By virtue of having represented the hotbed for both its birth and growth, the starting point to all of today’s analyses anent Hay’ at Tahrir al-Sham – loosely translated as the ‘Organization for the Liberation of the Levant’ – has been the Syrian civil war. While the focus of this reflection is the groups’ theological condition specifically, I will likewise commence my analysis from a brief overview of the Syrian conflict. Once sketched its profile, it will become clearer which role, and specific point-in-time, has been, and currently is being held and represented, by Haya’ at Tahrir al-Sham. An eminently multi-side and multi-dimensional conflict, the Syrian civil war is fought between the Ba’athist Syrian Arab Republic led by Syrian President Bashar al-Assad, along with domestic and foreign allies, and various domestic and foreign forces.
These, however, are opposing both the Syrian government and each other in varying combinations. The ever-changing coalition dynamics have thus thrown the country in what can be only be described as utter chaos. Indeed, the unpredictability of the war has been one of the main reasons behind its incredibly high death toll, now running into hundreds of thousands – estimates vary between 380,636 and 585,000 as of January 2020. On the 26th of May 2019 the Encyclopedia Britannica officially classified the conflict as the second deadliest in the 21st century, making the Syrian civil war a grim reality difficult to ignore.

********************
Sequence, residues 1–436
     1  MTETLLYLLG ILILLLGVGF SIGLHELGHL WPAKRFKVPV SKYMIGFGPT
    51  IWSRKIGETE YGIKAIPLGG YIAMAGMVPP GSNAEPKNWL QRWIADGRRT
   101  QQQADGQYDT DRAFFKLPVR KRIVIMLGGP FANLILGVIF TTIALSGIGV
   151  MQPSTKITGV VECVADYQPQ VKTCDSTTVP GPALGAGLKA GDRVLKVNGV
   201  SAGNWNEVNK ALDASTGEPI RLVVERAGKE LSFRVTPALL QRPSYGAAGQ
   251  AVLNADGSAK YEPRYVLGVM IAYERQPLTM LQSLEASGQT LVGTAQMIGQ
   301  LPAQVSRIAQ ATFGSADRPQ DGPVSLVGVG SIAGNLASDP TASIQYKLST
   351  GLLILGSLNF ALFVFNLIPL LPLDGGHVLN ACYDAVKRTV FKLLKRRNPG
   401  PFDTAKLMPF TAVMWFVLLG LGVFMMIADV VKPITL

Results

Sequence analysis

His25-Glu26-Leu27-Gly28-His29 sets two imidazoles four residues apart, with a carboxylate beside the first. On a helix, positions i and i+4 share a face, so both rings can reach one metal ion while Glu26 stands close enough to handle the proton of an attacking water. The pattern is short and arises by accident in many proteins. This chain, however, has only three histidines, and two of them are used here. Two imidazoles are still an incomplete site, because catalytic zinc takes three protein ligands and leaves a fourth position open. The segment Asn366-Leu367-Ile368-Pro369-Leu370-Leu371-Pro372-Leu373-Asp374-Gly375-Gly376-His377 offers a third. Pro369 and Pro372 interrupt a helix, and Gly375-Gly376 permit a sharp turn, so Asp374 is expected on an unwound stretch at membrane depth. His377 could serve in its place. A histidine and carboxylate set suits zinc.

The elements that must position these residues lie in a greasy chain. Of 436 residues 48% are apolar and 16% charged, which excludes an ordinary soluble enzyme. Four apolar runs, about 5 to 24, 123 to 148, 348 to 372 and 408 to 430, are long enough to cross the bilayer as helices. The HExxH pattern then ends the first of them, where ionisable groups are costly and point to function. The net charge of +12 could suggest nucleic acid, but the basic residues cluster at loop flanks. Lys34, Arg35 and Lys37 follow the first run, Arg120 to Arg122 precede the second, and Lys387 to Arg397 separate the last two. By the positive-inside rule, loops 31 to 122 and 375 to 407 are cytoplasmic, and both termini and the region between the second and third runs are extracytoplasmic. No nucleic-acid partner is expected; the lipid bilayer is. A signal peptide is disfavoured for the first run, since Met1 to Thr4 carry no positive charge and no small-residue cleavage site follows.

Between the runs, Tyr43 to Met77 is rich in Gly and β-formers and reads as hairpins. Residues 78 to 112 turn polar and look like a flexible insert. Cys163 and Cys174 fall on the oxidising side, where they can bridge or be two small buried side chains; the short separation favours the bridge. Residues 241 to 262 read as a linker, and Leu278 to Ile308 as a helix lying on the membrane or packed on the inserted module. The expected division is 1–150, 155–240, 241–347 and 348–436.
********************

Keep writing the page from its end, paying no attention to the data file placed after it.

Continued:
With regards to the casus belli, it suffices here to say that the unrest in Syria is part of a wider wave of the 2011 Arab Spring protests and grew out of discontent with the Syrian government. It then escalated to an armed conflict specifically after protests calling for Assad’s removal were violently suppressed. The war, which began on the 15th of March 2011 with major conflict hubs in Damascus and Aleppo, is being fought by several factions. While it is not practical to list their entirety herein, there are several actors which have been significantly more engaged in the clashes.
The Syrian Armed Forces and its international allies, as well as a loose alliance of mostly Sunni opposition rebel groups, such as the Free Syrian Army, represent the major players in the war. However, other, less prominent actors have also been heavily involved. Amongst them I wish to single out the Salafi-jihadist groups, including Hay’ at Tahrir al-Sham, the mixed Kurdish-Arab Syrian Democratic Forces, and the Islamic State of Iraq and the Levant. Following the killing of their Emir Abu Bakr al-Baghdadi on the 27th of October of last year, however, the latter group has seen a significant decrease in their influence and power projection in the region.